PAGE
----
Supreme Court unanimously rules Catholic foster agency can turn away gay couples

LGBT+ activists rally in front of the Supreme Court in October 2019

The Supreme Court has ruled that a Catholic foster agency can legally turn away same-sex couples in a blow to LGBT+ families.

On Thursday (17 June), the US Supreme Court, which has had a 6-3 conservative majority since Amy Coney Barrett filled the seat of the late Ruth Bader Ginsburg, unanimously ruled in favour of Catholic Social Services (CSS), which argued that it should still receive taxpayer funding despite refusing to place children with same-sex couples.

The city of Philadelphia stopped referring children to CSS in 2018 after learning of its discriminatory policy, but the fostering and adoption agency argued that the city infringed upon its First Amendment right to religious freedom. The case, Fulton v Philadelphia, was taken up by the Supreme Court after defeats in lower courts.

In its ruling on Thursday, the Supreme Court wrote: “The refusal of Philadelphia to contract with CSS for the provision of foster care services unless CSS agrees to certify same-sex couples as foster parents violates the Free Exercise Clause of the First Amendment.

“The city’s actions burdened CSS’s religious exercise by forcing it either to curtail its mission or to certify same-sex couples as foster parents in violation of its religious beliefs.”

Thursday’s ruling allowing CSS to turn away gay couples has worsened fears that the case could have broader ramifications than simply for adoption and foster care agencies, but this is unlikely to be the case.

Although in Fulton v Philadelphia, the Supreme Court ruled that the city’s non-discrimination protections violated CSS’s right to religious freedom, the ruling notes: “The question is not whether the city has a compelling interest in enforcing its non-discrimination policies generally, but whether it has such an interest in denying an exception to CSS.”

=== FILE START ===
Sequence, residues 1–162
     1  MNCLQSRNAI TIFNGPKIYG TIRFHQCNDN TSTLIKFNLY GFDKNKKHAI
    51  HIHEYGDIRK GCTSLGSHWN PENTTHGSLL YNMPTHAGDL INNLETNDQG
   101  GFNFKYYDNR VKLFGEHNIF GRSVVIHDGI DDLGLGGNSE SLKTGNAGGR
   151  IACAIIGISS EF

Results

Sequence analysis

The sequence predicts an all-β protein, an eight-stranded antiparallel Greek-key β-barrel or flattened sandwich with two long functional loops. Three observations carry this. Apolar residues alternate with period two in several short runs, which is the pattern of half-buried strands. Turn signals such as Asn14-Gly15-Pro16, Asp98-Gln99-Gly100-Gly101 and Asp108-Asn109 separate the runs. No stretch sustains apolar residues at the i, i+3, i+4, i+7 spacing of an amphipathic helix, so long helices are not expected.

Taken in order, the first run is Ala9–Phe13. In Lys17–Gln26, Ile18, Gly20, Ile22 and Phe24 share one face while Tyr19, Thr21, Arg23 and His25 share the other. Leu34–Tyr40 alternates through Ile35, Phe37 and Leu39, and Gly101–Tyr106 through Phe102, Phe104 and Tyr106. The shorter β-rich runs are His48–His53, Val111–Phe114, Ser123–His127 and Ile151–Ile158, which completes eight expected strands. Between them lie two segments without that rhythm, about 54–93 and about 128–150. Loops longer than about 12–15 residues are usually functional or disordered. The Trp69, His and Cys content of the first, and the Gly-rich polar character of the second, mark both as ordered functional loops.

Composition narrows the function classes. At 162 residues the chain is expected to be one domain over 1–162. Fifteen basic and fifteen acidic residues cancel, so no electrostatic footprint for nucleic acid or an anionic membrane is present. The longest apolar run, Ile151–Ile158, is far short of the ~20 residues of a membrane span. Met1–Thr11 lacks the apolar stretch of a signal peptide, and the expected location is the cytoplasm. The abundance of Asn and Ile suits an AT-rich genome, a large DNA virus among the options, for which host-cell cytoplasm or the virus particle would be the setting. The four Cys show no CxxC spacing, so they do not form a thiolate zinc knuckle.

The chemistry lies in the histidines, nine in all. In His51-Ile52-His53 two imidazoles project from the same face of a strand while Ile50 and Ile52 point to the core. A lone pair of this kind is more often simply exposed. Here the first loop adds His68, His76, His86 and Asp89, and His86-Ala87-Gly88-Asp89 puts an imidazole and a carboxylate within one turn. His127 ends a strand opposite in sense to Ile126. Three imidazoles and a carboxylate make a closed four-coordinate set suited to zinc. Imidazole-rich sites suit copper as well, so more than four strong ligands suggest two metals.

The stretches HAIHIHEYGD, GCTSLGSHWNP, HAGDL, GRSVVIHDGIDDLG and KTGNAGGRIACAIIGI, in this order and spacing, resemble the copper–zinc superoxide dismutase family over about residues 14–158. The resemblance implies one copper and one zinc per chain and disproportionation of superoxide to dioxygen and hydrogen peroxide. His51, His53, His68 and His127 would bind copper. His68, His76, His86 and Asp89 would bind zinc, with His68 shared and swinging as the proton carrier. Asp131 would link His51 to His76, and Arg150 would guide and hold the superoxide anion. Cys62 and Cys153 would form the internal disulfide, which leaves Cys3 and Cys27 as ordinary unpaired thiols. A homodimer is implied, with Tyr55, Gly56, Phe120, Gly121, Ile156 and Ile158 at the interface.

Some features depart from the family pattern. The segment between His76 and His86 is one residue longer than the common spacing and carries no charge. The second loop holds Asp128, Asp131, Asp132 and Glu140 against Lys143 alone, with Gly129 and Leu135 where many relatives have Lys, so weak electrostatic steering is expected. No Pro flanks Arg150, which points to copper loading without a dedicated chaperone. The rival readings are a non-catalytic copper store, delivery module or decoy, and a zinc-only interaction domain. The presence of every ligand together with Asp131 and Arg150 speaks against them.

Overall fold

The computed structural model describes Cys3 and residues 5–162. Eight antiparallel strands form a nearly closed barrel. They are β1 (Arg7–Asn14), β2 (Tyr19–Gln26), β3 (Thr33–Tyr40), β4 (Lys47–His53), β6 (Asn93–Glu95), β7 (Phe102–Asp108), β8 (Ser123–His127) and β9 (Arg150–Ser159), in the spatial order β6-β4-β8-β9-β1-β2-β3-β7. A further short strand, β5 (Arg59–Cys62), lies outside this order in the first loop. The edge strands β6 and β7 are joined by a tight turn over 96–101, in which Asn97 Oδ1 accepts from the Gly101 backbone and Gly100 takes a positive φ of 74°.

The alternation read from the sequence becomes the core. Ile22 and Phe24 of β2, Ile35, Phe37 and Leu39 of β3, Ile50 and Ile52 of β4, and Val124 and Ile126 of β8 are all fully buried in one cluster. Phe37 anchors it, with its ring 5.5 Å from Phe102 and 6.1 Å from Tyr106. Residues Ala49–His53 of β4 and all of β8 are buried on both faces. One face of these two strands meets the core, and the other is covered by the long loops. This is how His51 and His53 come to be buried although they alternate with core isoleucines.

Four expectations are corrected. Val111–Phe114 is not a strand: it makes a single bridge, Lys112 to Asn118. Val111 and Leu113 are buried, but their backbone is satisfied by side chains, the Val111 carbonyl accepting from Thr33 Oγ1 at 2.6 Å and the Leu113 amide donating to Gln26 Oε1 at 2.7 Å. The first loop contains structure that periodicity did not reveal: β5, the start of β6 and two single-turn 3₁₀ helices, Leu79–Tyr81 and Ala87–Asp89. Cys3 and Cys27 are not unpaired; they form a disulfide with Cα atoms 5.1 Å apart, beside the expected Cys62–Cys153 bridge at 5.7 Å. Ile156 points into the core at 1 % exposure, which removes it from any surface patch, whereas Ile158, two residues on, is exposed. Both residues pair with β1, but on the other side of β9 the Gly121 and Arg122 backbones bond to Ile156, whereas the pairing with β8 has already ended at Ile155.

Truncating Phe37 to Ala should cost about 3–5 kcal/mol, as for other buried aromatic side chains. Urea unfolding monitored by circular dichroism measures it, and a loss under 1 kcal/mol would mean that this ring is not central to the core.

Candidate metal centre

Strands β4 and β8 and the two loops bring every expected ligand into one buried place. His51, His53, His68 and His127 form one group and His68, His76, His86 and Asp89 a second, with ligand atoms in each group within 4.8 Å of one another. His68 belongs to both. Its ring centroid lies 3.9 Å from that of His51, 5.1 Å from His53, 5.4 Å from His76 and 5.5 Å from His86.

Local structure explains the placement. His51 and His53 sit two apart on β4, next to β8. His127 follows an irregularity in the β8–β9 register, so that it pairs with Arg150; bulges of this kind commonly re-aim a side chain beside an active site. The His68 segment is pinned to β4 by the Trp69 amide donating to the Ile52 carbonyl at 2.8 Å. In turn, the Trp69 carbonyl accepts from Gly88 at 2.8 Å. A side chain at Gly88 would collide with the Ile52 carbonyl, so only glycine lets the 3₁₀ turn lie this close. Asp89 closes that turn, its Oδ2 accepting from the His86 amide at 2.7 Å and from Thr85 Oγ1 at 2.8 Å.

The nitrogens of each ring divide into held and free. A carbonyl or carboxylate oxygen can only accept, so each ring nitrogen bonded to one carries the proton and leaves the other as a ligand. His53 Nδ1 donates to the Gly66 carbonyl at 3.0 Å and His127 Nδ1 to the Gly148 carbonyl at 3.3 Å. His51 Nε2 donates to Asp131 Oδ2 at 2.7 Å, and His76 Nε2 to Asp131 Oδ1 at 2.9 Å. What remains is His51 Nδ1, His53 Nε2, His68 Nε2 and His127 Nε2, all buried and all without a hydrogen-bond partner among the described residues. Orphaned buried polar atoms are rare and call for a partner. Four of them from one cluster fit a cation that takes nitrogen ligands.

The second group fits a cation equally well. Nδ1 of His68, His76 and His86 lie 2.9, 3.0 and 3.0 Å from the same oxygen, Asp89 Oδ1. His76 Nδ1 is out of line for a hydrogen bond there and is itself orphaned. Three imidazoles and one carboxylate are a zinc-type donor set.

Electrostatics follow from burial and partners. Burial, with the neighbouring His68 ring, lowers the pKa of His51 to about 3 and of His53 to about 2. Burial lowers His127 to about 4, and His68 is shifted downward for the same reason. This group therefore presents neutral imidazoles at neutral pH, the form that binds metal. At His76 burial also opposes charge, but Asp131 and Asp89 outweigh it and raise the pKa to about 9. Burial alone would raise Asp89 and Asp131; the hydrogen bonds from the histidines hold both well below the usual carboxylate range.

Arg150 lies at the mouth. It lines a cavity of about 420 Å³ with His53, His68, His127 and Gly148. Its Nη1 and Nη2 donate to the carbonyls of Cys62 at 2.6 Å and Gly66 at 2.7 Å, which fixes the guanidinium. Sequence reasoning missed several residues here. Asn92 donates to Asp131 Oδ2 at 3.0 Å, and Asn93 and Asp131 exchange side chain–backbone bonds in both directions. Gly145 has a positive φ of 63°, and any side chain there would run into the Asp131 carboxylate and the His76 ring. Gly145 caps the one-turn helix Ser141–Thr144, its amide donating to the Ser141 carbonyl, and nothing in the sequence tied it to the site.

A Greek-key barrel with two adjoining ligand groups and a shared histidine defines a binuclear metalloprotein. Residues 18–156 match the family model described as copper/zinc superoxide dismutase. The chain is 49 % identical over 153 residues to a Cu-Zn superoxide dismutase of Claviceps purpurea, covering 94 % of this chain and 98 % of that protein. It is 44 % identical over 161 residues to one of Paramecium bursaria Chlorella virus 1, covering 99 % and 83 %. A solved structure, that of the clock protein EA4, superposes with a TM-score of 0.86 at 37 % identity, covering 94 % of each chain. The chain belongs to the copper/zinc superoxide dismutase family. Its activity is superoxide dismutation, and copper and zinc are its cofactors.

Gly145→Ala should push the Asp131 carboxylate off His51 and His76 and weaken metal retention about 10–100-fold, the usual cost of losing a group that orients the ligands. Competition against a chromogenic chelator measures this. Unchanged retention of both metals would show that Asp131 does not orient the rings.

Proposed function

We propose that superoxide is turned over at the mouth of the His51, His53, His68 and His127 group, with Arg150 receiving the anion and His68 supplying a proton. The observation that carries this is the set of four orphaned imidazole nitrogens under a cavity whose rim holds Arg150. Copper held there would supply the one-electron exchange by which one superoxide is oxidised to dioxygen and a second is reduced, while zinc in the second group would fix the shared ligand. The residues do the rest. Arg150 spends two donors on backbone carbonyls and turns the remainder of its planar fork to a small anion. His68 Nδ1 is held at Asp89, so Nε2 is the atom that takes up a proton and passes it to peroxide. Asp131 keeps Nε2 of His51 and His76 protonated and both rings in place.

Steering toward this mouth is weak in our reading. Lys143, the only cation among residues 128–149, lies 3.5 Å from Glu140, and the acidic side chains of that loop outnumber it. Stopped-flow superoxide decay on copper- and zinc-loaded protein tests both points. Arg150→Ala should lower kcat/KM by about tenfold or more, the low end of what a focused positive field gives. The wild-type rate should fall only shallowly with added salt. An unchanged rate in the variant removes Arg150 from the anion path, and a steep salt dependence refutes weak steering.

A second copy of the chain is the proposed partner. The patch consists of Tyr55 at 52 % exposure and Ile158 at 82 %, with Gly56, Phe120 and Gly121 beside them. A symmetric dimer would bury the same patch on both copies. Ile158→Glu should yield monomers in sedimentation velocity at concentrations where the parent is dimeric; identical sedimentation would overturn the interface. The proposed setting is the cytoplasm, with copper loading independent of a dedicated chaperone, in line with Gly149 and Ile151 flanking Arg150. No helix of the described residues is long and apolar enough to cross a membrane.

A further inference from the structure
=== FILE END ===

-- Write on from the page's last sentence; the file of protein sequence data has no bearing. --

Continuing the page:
The ruling does not prevent local governments from imposing non-discrimination rules on outside agencies they work with, but rather states that these non-discrimination rules must be “both neutral and generally applicable”.

The court ruled that Philadelphia’s non-discrimination policy was not “neutral and generally applicable” because, as written in its contract with CSS, it included exemptions which were left up to the “sole discretion” of one city official.

In light of this, Human Rights Campaign president Alphonso David said in a statement: “Though today’s decision is not a complete victory, it does not negate the fact that every qualified family is valid and worthy – children deserve a loving, caring, committed home.

“We celebrate the LGBTQ families who are dedicated to providing homes to the thousands of children in the child welfare system.

“Yet we know there is more work that must be done to ensure that the best interest of the child is always prioritised, including through family reunification. And there is more work to be done to ensure that LGBTQ people do not face discrimination anywhere in the country in every aspect of public life – our next step is to pass the Equality Act.”